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Firebirdparts

Best tackle for his weight the old school ever had
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It seems like anything chip related went up 50% in right at one month. I was holding UCTT during this. It makes you wonder, really, what is gonna be next and also, what took it so long? The chip shortage was 10 times as long as this run-up has been.

This remind me, sadly, of the dot-com bubble. My wife got interested in trading stocks and somehow or another she turned some focus on chip stocks. You'd think we'd have been happy, but oddly enough, it was really pretty bad.

My wife was a fan (30 years ago) of MU and AMAT. It might not be too late to get in there.
 
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I owned AMD 20 years ago when some west Asian dude was getting unlimited air time on CNBC to bash them at every opportunity. I owned AMD because I believed that INTC needed them to be a viable competitor to keep government regulators off of their case (and I also owned a Compaq laptop with an AMD CPU). I think that I ditched the AMD shares during one of the 100 +/- margin calls that I’ve survived.
 
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BigOrangeMojo

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Did INTC lag because their mix was too much desktop PC oriented and too little game consoles, tablets, and PDAs?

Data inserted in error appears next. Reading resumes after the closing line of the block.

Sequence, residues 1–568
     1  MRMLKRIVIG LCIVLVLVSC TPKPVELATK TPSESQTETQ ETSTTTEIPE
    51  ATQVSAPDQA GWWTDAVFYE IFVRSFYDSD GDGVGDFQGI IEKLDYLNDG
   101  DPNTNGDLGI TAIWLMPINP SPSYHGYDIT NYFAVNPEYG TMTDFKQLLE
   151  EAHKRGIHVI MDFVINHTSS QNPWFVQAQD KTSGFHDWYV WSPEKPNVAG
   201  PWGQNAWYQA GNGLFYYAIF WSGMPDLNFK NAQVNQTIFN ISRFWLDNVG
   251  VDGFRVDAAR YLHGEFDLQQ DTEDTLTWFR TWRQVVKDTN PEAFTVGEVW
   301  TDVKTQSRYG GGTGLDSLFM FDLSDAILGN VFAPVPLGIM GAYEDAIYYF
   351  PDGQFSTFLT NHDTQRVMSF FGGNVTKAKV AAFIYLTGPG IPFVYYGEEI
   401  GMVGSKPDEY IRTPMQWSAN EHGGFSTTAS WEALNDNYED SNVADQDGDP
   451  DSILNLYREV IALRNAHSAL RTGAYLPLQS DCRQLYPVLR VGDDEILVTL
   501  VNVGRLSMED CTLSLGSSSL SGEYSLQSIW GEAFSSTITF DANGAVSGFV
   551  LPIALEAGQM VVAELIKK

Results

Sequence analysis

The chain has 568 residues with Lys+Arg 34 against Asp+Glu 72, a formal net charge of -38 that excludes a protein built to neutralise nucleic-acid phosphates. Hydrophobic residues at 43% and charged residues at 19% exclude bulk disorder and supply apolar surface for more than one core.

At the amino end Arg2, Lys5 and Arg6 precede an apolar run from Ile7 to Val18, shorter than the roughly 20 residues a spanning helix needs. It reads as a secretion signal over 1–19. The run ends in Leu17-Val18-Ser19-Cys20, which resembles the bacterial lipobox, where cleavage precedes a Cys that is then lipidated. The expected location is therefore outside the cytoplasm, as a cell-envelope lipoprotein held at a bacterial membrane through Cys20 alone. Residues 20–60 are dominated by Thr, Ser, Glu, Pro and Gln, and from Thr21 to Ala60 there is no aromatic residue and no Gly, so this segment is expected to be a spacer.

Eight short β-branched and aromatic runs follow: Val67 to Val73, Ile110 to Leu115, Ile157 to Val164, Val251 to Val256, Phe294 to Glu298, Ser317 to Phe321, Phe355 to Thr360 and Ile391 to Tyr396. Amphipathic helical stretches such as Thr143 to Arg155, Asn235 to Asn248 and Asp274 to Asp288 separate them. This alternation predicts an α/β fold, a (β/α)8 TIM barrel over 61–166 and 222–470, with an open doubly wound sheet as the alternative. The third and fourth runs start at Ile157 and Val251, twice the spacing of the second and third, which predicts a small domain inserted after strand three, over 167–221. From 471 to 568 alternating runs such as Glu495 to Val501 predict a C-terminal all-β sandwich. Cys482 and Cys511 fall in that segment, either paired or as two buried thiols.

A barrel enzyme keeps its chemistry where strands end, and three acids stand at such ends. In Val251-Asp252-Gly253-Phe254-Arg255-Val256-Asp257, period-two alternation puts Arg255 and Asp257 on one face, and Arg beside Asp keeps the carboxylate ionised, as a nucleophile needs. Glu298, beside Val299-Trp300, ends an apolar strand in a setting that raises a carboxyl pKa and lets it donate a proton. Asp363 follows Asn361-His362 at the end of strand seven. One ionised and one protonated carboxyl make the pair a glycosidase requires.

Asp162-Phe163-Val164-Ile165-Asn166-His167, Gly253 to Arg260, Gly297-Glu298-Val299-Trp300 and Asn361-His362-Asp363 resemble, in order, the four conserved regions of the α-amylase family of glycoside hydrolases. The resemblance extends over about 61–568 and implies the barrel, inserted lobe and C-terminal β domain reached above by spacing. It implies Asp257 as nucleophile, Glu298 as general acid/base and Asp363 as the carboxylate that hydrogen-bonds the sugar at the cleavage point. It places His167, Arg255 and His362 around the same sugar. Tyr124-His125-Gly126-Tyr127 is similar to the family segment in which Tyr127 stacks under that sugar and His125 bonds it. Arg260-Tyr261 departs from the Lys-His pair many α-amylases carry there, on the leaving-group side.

My opinion and my opinion only

For the past decade, INTC has focused its energy on branding versus innovation. They went heavy into the PC market while everyone was going into mobile, gaming, data centers, etc. They've monetized their early advantage well but there's a reason they've been flat for 20 years from a stock perspective while everyone else has skyrocketed.

Right now, INTC is approximately two cycles behind their peers. INTC has a perceived quality advantage; however, if you are a gamer or if you are on your phone all day, would you prefer the faster chip that lasts 4 years or the slower one that lasts 5 years. This perceived quality advantage may be helpful for a desktop that might be used for 5 years but when phones are only being used for 18 months.... Apple famously stopped using them for this reason.

And the chips needed for larger data centers, INTC can't even compete because they are so far behind.

There's a huge issue with the chip supply chain and INTC has had every opportunity to take advantage of that because they control the manufacturing but they are losing share in an environment where they should be killing it.
 
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My opinion and my opinion only

For the past decade, INTC has focused its energy on branding versus innovation. They went heavy into the PC market while everyone was going into mobile, gaming, data centers, etc. They've monetized their early advantage well but there's a reason they've been flat for 20 years from a stock perspective while everyone else has skyrocketed.

Right now, INTC is approximately two cycles behind their peers. INTC has a perceived quality advantage; however, if you are a gamer or if you are on your phone all day, would you prefer the faster chip that lasts 4 years or the slower one that lasts 5 years. This perceived quality advantage may be helpful for a desktop that might be used for 5 years but when phones are only being used for 18 months.... Apple famously stopped using them for this reason.